by Georgia Charter Schools Association
By Allen Mueller
In a recent AJC article about Governor Deal’s proposed Opportunity School District, Eric Wearne emphasizes the importance of establishing an incubator in Georgia, “whose purpose is to recruit talent and to produce leadership for schools in the OSD.” He goes on to further define this incubator as, “an entity that is specifically set up to train charter school leaders from within Georgia,” that, “could help attract potential school founders from the areas of the state housing our lowest-performing schools, and could also attract talent to those areas from around the country (talent that is currently heading to cities like New Orleans, Memphis, and Nashville).”
As the Executive Director of New Schools for Georgia, the state’s recently-established charter-school incubator, I thank Dr. Wearne for opening the door for this discussion and providing extra impetus for sharing a few concrete details about the need for, and structure of, Georgia’s first charter school incubator.
As Dr. Wearne indicates, incubators are not a new phenomenon and can generally be found in areas where school choice has evolved to the point where demand for high-quality and highly-trained individuals has outstripped supply. School districts also face this challenge, of course, but they have greater internal resources at their command. Charter school leaders require additional intensive training as they must not only run a high-performing school, they must establish it first. To be clear, the intensive training an incubator can provide would be helpful for all school leaders, but is essential for charter school leaders.
Incubators are not homogenous: they vary greatly in mission, vision and programming and are generally tailored to fit the context and needs of the populations they serve. New Schools for Georgia’s Incubator builds upon, and complements, the work of the Georgia Charter Schools Association (GCSA), which houses it and is initially funding its work. GCSA continues to offer essential training and services to those who seek to establish and operate high-quality charter schools, but the incubator offers a more intense, richer, one-year program focused on developing boards and school leaders on parallel, but occasionally intersecting, paths. In the incubator program, boards and school leaders participate actively in training, coaching, exposure to subject experts, and fellowships at high-performing schools in Georgia and nationally. Additionally, our incubator will provide Year-Zero support and pre- and post-opening back-office support. More detail can be provided upon request, but this overview addresses the greatest and most prevalent gaps I have noted in over twelve years working with charter schools in Georgia and across the country.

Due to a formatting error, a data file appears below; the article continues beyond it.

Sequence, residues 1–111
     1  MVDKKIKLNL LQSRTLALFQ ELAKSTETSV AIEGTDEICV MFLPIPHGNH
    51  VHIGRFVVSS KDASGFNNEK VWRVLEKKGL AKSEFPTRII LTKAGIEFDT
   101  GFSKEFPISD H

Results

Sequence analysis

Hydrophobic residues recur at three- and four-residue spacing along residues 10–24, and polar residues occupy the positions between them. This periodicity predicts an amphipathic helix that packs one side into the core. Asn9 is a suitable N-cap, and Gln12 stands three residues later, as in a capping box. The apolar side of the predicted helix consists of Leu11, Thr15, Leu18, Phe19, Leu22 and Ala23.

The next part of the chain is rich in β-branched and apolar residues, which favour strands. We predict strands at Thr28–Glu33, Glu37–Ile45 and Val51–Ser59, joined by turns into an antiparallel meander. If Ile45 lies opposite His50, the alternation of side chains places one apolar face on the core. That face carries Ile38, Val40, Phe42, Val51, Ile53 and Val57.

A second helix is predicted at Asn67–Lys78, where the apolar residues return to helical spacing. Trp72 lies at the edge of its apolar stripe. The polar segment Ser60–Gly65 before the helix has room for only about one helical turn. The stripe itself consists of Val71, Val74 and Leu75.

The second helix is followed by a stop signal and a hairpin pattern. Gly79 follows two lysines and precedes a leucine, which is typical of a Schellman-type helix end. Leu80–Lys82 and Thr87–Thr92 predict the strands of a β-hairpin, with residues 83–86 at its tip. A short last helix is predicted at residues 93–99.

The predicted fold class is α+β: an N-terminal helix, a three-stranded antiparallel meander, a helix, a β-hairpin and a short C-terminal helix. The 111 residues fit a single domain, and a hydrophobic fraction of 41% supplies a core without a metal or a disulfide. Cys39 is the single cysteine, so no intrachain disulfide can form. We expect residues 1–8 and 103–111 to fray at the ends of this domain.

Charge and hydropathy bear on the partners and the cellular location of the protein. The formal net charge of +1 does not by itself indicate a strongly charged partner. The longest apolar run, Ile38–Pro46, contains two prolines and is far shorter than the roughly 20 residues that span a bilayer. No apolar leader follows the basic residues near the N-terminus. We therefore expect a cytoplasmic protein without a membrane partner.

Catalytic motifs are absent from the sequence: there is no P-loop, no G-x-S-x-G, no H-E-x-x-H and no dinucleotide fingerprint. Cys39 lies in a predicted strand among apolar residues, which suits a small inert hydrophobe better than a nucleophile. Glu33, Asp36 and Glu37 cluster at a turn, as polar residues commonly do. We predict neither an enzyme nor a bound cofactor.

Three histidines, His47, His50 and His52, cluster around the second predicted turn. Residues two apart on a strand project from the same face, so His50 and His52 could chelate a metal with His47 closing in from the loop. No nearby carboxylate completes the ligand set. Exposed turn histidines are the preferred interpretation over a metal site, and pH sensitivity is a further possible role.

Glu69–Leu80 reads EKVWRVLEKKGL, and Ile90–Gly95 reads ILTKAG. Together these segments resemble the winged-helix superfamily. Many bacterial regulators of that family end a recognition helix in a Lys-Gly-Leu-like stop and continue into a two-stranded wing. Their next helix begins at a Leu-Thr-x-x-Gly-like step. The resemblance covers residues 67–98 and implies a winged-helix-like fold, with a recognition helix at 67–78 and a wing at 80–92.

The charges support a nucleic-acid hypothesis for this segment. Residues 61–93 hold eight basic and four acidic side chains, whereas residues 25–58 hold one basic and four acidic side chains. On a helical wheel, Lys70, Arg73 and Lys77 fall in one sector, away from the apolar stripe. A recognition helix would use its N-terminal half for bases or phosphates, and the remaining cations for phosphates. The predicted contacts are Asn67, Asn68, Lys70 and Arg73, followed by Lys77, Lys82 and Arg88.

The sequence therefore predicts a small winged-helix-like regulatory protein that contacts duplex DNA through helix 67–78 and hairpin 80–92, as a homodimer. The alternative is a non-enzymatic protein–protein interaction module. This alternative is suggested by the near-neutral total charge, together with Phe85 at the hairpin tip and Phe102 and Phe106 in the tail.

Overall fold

As some of you may know, I spent the past seven years at Atlanta Public Schools as the head of the district’s charter school office. While there, I worked closely with the Superintendent and other staff members to dismantle the “us and them” mentality that seems to inevitably accompany the introduction of new ideas. We made considerable headway, particularly in the past year, wherein all district schools, regardless of their structure, met regularly, shared best practices, applied for (and received) federal and state grants for joint programs, attended trainings, and accessed vital resources together, as partners with shared goals.
Hearing about the prospect of an incubator, I suspect that many fear we are building a factory to mass-produce new schools to undermine and replace the old schools. To the contrary. I see our goal as one of increasing the capacity of dreamers who wish to make a difference in the lives of young people. In other words, our job is to improve and build, not to destroy or replace. To that end, I approach my current work as I approached my previous work: by focusing on quality, on consistency, on talent and, most of all, on students, rather than on “us” and “them.” Although it is important to acknowledge and respect difference, there is simply no time to waste letting these differences get in the way of the important work that has yet to be done.
Allen Mueller is Executive Director of New Schools for Georgia, the Georgia Charter School Incubator.
The views and opinions expressed on CharterConfidential are those of the authors and do not necessarily reflect the official policy or position of any agency.